Trust Stan Bowman


July 5, 2013 by Cups n Pucks

Joe Klich:

After the 2010 Stanley Cup Championship it was well publicized that Stan Bowman inherited the Chicago Blackhawks in “salary cap hell,” having minimal money to sign — blah blah, yada yada…. Hawks fans know the drill. We’ve heard this all before. So with a seemingly redundant article thus far, why should I continue? Well, because Bowman once again has drawn the ire of Chicago Blackhawks fans. It may not be the majority, but distrust still exists. You hear it on the radio, read it in the papers, and of course, on social media.  Amazingly, after two Stanley Cups in a matter of four years (albeit the first cup was a team Bowman inherited) there’s still an undercurrent of distrust with Bowman’s roster moves.

General Manager Stan Bowman of the Chicago Blackhawks

Stan Bowman addresses the press (Photo courtesy of

The outcries started with the trade of fan favorite David Bolland, which should have surprised no one, to the Maple Leafs for three draft picks, highlighted by the 51st overall draft pick – the second round draft pick Stan Bowman did not have, but vocally wanted. Not a bad pull for a player in a statistical decline, a growing injury history, and unimpressive CORSI ratings, which show that this year may be the first year he’s outmatched by opponent’s top lines.

The second and more surprising move was trading Michael Frolik to the Winnipeg Jets for the 73rd and 134th picks overall. As is the case with all Stanley Cup winning teams, the Blackhawks’ depth runs deep (so deep) and Frolik was a key to that depth, becoming an integral part to a stalwart penalty kill unit. Though I was caught off-guard by this move, Bowman saw himself with 5.6 million dollars of more cap space wiggle room by shedding only third and fourth line contracts. Commendable at the very least.

The final straw which fueled the (hopefully) vocal minority was Bowman’s signing of playoff stud Bryan Bickell to a four-year sixteen million dollar contract. If you consider yourself a consumer in this world (hint: that might be everyone) then you may notice that the price of, oh I don’t know, everything rises year-by-year. Oddly enough, that concept equivocally applies to NHL Free Agency.  Bryan Bickell was bound to get a significant raise and he most certainly did. Many were taken aback (myself included) that this was the “hometown discount” Bickell was mentioning in previous interviews. I questioned it at first. I thought Stan reached, or even worse, got burned. It may have been the alcohol,  or… well, most likely the alcohol, but I had my moment of clarity:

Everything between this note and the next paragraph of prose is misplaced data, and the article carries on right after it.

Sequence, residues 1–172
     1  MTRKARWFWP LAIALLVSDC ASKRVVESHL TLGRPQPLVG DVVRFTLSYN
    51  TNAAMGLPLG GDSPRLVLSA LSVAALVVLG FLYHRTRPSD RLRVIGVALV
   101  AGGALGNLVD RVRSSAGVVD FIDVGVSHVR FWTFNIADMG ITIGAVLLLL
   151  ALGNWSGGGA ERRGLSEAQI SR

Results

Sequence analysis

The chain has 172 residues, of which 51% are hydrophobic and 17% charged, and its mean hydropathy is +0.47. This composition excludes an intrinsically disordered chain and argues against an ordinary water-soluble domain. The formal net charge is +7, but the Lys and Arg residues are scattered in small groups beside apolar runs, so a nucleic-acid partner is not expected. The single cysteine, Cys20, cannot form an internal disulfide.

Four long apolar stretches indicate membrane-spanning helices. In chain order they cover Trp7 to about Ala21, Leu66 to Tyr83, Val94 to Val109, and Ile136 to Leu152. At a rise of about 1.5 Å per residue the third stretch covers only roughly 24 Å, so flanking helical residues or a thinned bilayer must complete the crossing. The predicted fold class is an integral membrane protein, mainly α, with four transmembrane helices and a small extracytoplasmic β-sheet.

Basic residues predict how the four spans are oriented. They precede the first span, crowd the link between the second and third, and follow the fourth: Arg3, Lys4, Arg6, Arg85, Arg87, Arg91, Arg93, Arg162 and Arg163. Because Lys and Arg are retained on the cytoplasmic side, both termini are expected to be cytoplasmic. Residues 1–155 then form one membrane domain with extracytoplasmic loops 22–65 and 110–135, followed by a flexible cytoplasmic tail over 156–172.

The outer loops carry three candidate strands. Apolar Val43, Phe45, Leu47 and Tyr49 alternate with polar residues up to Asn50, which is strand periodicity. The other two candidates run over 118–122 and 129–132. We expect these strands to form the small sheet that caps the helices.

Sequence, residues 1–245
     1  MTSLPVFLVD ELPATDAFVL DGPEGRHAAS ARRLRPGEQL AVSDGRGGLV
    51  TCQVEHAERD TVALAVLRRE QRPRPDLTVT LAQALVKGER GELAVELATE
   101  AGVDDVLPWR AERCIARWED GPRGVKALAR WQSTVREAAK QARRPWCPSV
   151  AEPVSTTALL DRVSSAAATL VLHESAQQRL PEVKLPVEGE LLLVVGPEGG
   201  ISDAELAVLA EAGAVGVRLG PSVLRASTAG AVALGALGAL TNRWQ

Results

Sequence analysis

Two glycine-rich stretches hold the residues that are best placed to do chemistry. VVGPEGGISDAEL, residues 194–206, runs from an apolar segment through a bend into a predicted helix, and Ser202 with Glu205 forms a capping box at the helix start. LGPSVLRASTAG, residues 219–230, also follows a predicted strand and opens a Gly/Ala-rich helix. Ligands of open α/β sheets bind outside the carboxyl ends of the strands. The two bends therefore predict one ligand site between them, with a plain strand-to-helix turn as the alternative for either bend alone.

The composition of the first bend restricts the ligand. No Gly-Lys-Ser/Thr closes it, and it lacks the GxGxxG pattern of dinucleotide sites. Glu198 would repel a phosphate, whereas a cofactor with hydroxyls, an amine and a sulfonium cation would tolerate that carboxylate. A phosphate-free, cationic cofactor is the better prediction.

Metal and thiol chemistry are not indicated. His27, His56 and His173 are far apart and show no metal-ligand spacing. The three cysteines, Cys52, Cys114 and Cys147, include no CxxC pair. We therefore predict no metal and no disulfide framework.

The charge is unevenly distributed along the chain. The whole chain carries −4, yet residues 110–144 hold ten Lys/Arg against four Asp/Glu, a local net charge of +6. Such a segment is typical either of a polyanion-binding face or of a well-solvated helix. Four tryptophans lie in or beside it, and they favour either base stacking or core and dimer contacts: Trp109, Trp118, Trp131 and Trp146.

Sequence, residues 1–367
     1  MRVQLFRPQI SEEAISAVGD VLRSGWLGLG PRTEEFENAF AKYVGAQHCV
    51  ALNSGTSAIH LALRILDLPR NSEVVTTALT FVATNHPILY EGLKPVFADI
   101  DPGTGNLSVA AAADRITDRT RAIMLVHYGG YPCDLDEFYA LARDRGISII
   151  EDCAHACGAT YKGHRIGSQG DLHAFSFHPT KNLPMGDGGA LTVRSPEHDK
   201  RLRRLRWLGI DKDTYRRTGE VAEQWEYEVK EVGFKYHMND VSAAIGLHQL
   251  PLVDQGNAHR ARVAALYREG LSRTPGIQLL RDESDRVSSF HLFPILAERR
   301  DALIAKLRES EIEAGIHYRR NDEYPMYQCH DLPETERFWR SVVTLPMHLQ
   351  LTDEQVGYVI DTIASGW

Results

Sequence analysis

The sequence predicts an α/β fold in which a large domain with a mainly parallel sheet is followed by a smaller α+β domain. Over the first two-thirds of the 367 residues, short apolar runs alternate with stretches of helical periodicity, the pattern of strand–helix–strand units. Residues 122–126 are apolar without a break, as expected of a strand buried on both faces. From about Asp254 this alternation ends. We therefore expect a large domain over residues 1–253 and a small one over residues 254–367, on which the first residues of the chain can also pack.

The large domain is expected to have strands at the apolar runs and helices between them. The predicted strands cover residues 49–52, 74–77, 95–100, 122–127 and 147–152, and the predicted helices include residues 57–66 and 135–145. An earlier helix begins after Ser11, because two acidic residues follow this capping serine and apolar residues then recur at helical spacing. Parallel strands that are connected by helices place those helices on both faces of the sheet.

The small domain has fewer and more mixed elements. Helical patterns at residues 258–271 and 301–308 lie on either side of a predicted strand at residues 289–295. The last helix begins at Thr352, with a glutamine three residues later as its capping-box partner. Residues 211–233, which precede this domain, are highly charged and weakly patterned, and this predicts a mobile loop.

Let’s quickly revisit the beloved 2010 championship team. Bowman had multiple critical decisions to make, whether it was to hold on to several, or at the very least keep one of: Byfuglien, Ladd, Niemi, Versteeg, or Hjalmarsson. The possibilities were numerous and the outcome was surprising, with Bowman only signing Nicklas Hjalmarsson. Blackhawks Nation was up in arms, asking for more and getting what seemed to be the bare minimum in return from 2010’s salary cap debacle. Regardless of the argument at the time, the fact is that Bowman was right in his choice, evidenced by this “f’n beauty”. There may have been other outcomes also correct that we will never know, but Bowman’s very controversial decision was a correct one, validated three years down the road. He had a plan, and that plan paid off in glorious fashion.

And here we are again, in a similar juncture, this time not so much necessity as it is voluntary. That’s a huge factor. Stan knows what he’s doing: he continues to build an already impressive farm system while allowing some of the brightest performers in the minors a shot at the NHL roster. And in this whole process, the Blackhawks find themselves at the top of the NHL’s totem pole. Uh, that’s not how it’s supposed to work. Evidence can tilt either negatively or positively with 2013’s off-season moves, but hasn’t that always been the case with Stan? There’s been a lot of moves that could seemingly go either really well or really bad – like, Brendan Morrison bad. Ick.  But as we always ask ourselves these questions – and we’ve asked them a lot in the past four years with major roster reconstruction- keep in mind that Stan Bowman reconstructed a roster and turned it into one of the most dominant teams in recent memory and achieved the one goal thirty hockey teams start out with every year. So as free agency begins, I’m asking you to trust that Stan knows what he’s doing. The evidence is right in front of you. Trust in THAT.

2 thoughts on “Trust Stan Bowman

  1. Grant says:

    The Hawks also have young players coming up and looking to take bigger roles. Pirri was the top scorer in all of the AHL, and we’ve seen Ben Smith and Jimmy Hayes be productive. It’ll take them a year or two to hit stride, but Stan is right by going young, it worked out in 2010.

    • Cups & Pucks says:

      Great point Grant, the Hawks have some solid prospects in the making. It would be nice to see a little more of Jimmy Hayes next season, not too many looks this year due to the shortened season.

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